If, however, you are cutting a new opening or widening an existing one, a permit will be needed. Call the Building Department responsible for your area to find out what permissions to get. Remember, even if the works don’t require a permit, code standards for building quality always need to be adhered to.
'In the UK, whether planning permission is required will depend on what you are building,' says Edward from IDSystems.
'If you’re adding doors to an existing opening, it’s unlikely you will need formal consent. However, if you are creating new openings by adding an extension, then the size and scale of your planned addition will determine what you can do under Permitted Development (PD) rights.'
Plus, if you live in a Conservation Area, an Area of Outstanding Natural Beauty or your house is listed, the same rules will not apply. Visit Planning Portal (opens in new tab)for more information.
What should I look for when buying a patio door?
There are a range of patio door ideas to choose from, depending on desired aesthetics, thermal performance and security.
'The most obvious factor is how the doors look and perform,' says Edward from IDSystems.
'Looking at the system in person is vital, so you get an understanding of exactly what it is you’re ordering. There are lots of systems on the market that might look similar in pictures, but it’s only when you get up close and see how the doors operate that you’ll be able to get a feel for the quality and usability.'
The desired functionality of the doors comes into play, too. 'Within the same opening, you can get more of a clear opening with French or folding doors.
On the other hand, you can achieve a greater viewing area in a sliding door due to the typically thinner profiles that allow for more glass,' says Brent Wright, doors product manager at Milgard (opens in new tab).
Don’t forget to consider the interior layout of the space, either. 'For instance, a sliding door doesn’t require any space beyond the opening, whereas a swinging door needs space to open into,' continues Brent.
Before setting your heart on a product, establish what kind of threshold you want. For example, if you’re keen to create a sleek, flush transition from inside to out, this needs to be factored in at the start of the project, before the doors are ordered. This allows for the adequate preparation of the aperture.
Remember, a flush threshold will not be suitable for all situations, particularly if the doors are in an exposed position. There will also be less protection from inclement weather than an entrance with a step. So it's important to check which doors will be suitable when designing a patio area.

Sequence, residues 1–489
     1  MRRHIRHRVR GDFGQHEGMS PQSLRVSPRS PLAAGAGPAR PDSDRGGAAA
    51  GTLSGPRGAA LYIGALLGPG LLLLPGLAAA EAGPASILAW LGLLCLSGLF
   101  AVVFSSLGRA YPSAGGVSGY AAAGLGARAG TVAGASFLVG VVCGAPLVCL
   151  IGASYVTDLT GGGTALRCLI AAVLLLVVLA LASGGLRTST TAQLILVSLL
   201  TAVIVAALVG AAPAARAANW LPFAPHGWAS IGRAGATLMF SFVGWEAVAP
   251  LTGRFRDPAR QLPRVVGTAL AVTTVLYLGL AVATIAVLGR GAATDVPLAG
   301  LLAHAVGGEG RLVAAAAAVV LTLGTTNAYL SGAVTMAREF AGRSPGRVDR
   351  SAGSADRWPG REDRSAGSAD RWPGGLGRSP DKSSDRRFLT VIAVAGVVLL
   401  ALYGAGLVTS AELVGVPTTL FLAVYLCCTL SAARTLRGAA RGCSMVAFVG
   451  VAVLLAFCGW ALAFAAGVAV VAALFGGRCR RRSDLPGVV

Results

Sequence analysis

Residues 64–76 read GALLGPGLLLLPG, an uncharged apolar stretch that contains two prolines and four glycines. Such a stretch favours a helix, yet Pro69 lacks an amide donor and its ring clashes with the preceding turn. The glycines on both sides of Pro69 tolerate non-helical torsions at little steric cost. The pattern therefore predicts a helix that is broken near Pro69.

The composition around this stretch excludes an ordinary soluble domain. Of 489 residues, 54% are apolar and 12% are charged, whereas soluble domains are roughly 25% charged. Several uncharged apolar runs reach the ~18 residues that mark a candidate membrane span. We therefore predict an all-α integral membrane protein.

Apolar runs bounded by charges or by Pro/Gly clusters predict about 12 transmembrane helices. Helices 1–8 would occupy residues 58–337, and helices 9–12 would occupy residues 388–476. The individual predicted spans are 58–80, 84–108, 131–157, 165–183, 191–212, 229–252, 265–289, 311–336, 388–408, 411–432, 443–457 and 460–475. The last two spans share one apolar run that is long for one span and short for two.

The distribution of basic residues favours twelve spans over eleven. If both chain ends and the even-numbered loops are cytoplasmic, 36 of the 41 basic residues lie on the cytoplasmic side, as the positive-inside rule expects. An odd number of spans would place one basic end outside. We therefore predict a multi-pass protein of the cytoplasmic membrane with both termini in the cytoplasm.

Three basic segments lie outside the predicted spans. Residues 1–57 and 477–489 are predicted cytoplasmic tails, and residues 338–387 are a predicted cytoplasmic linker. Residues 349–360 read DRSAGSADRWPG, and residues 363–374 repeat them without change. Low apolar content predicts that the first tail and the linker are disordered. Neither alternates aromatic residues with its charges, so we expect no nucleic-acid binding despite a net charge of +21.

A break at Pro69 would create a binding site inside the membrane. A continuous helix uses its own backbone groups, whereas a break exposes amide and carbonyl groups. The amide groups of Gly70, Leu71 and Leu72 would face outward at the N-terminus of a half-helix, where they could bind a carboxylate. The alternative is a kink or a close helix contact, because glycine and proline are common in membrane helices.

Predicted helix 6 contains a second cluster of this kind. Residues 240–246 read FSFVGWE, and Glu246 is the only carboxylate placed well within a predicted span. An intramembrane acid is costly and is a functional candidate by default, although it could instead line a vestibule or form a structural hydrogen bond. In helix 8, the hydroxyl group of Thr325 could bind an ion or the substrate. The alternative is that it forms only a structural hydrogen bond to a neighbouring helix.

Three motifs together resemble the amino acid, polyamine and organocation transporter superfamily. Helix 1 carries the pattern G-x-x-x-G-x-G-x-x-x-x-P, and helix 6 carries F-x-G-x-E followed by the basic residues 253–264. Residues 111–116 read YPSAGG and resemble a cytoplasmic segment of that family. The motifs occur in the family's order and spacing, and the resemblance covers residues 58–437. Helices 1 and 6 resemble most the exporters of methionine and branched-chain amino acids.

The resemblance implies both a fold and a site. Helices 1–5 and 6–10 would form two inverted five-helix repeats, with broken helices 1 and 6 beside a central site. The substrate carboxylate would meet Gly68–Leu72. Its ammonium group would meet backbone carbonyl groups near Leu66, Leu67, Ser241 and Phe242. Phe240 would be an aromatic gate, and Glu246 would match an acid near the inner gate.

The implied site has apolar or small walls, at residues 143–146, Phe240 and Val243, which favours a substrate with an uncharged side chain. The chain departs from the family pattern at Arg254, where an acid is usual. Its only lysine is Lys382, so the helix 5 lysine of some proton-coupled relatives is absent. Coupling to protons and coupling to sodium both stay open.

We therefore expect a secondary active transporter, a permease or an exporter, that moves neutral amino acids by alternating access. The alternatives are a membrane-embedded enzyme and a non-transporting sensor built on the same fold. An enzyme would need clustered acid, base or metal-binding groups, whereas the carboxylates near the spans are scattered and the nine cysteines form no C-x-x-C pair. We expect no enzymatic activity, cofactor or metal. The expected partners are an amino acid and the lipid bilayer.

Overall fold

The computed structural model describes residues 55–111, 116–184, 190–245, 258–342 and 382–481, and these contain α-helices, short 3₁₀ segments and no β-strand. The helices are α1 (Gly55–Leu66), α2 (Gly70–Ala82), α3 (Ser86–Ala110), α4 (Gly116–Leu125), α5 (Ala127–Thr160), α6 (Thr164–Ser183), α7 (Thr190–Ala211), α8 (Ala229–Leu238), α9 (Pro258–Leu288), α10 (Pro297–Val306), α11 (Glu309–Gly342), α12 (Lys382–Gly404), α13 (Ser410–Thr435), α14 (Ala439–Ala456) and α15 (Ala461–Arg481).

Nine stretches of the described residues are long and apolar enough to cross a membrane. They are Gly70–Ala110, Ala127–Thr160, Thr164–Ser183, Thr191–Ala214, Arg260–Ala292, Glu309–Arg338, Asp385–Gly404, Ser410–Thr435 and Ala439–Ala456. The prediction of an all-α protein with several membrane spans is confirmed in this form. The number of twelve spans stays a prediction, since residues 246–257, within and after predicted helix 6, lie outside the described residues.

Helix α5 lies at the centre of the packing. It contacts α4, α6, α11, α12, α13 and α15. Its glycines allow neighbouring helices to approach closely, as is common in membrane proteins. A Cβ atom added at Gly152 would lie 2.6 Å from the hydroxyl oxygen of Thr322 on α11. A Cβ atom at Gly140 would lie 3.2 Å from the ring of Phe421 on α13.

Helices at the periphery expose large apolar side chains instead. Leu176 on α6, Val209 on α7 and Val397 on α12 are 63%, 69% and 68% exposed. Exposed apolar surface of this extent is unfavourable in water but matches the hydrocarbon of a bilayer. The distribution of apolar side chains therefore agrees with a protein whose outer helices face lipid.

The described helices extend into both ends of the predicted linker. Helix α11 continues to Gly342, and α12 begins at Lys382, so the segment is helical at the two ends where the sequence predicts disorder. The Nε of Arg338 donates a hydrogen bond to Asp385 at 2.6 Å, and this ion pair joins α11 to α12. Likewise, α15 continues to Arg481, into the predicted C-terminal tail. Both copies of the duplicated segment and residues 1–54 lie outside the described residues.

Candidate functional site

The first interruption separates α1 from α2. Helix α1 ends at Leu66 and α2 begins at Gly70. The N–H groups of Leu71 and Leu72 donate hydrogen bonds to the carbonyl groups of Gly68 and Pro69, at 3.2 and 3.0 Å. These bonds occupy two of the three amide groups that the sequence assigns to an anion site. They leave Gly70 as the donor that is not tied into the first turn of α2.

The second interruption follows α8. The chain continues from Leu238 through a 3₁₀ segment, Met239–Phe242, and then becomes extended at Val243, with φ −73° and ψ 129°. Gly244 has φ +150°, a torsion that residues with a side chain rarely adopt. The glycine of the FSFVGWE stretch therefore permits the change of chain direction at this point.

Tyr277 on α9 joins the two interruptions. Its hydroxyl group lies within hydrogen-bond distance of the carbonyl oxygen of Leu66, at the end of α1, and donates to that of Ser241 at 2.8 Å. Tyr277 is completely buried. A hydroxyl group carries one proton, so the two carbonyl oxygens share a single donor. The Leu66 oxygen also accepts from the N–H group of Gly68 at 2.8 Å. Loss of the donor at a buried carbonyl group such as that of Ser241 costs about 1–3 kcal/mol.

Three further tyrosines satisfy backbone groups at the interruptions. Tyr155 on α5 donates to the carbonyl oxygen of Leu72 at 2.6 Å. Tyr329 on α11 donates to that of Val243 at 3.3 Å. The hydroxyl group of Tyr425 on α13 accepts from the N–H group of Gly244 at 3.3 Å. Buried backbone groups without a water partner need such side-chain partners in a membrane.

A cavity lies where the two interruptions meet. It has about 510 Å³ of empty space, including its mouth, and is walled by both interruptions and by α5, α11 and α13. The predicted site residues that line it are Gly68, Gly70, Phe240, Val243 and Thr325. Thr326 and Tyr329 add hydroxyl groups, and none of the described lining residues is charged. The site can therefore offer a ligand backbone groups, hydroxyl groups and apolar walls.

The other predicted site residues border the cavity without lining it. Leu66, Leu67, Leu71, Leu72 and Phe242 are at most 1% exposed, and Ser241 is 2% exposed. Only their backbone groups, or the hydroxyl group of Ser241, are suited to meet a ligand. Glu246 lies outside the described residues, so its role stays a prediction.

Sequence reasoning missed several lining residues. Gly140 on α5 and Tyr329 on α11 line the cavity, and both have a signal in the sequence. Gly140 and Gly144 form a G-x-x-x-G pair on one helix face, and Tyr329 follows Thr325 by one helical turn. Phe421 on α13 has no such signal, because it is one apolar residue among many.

Always check the system’s weather rating with your supplier before placing your order.
Are patio doors easy to replace?
Replacing an existing set of patio doors is usually straightforward, providing you are not altering the size of the opening where the new system will be fitted.
If you are increasing the gap to install a broader run, some extra structural work might be needed to support the additional load. Usually, the wider the opening, the more complex the engineering becomes.
For spans of sliders/bifolds more than 10ft (3m), you may need to bring in a structural engineer who can put together a suitable design solution, which will drive up costs. In most cases, a steel lintel inserted at the head of the opening will do the job.
'In terms of installation complications, you shouldn’t come across any issues if you use a professional glazing company,' says Ryan from Thames Valley Windows.
'However, some general mistakes when professionals are not appointed include incorrect measurements, over tightening and incorrect screws.'
Sarah is a freelance journalist and editor. Previously executive editor of Ideal Home, she’s specialized in interiors, property and gardens for over 20 years, and covers interior design, house design, gardens, and cleaning and organizing a home for H&G. She’s written for websites, including Houzz, Channel 4’s flagship website, 4Homes, and Future’s T3; national newspapers, including The Guardian; and magazines including Future’s Country Homes & Interiors, Homebuilding & Renovating, Period Living, and Style at Home, as well as House Beautiful, Good Homes, Grand Designs, Homes & Antiques, LandLove and The English Home among others. It’s no big surprise that she likes to put what she writes about into practice, and is a serial house renovator.